Today I gave my first lesson in my class at South Coogee School. Since the students are learning about different types of celebrations, my teacher asked me to teach about American Thanksgiving. I spent time discussing with my CT what aspects of Thanksgiving she would like me to teach about. She said she would like to hear about a basic history of the holiday, as well as any symbols and traditions that go along with the holiday. Since these students have no prior knowledge of Thanksgiving, I had to keep all of my information simple and interesting.
To begin my lesson, I asked the students to go around and say something they are thankful for. I felt this was a good way to introduce the first-graders to the main theme of Thanksgiving: giving thanks. Most of the students said they were thankful for their families and friends. A few students even said they were thankful for their school! After this opening activity, I showed a PowerPoint presentation with a few slides discussing the Pilgrims and Native Americans. I used maps and pictures to illustrate what I was talking about. I also did a slide that had Thanksgiving symbols, such as a turkey and a pilgrim hat. I asked a few students to tell me what they thought the meaning of each symbol was. I was impressed with the knowledge the students had gained during my presentation. To close my presentation, I showed them a video clip of the Macy’s Thanksgiving Day Parade in New York City. I thought this was a good way to connect the history of Thanksgiving to the present day celebration. The students loved the video! The variety of visuals/activities during my presentation held their attention.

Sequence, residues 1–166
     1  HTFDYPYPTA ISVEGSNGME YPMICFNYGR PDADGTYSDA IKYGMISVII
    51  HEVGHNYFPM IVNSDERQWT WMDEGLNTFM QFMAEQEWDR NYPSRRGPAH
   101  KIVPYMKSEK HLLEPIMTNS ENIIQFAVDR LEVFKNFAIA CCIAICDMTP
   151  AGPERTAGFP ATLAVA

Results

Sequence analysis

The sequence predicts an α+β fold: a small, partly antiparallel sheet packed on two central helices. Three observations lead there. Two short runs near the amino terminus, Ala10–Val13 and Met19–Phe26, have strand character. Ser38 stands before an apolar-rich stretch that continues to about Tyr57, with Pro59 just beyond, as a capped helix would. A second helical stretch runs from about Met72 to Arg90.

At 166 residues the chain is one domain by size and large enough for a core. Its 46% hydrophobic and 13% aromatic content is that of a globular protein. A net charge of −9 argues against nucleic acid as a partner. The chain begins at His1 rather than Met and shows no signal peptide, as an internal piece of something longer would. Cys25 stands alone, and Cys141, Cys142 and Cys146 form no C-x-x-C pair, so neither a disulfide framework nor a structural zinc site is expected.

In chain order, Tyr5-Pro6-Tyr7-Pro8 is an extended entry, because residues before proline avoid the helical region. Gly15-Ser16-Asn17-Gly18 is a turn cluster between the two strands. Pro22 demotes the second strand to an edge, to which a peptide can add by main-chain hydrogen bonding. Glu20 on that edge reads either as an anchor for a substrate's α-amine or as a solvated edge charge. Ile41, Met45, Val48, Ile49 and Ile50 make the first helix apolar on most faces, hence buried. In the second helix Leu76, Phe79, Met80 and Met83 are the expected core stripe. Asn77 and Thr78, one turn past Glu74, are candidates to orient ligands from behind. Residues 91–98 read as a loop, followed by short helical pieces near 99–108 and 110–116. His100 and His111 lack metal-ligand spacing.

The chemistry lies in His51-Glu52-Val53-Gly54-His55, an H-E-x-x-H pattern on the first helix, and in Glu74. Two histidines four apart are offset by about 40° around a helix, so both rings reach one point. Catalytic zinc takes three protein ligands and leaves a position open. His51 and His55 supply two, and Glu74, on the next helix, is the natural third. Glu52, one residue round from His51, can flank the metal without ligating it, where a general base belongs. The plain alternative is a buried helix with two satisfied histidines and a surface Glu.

After the presentation, I showed the students how to make hand turkeys. They all traced and cut out their handprints. The students then glued feathers onto their hand turkeys and colored them. Once everyone finished their hand turkeys, my CT and I glued the turkeys on a poster that said “Happy Thanksgiving.” The poster is now displayed proudly outside our classroom! To close a successful lesson, my CT brought in apple pie to share with the class. I explained to the students that apple pie is a common autumn food (I also explained that the seasons in the U.S. are opposite the seasons in Australia) in the United States and that many people eat apple pie at Thanksgiving.
Overall, I really enjoyed teaching my lesson. The students responded wonderfully to a holiday they had never heard of before. My CT told me that most Australians only know about Thanksgiving from watching American movies so she enjoyed learning about the holiday from me. The students were interested in hearing about my own Thanksgiving traditions with my family. This lesson was a great way to share my own culture with my Australian students!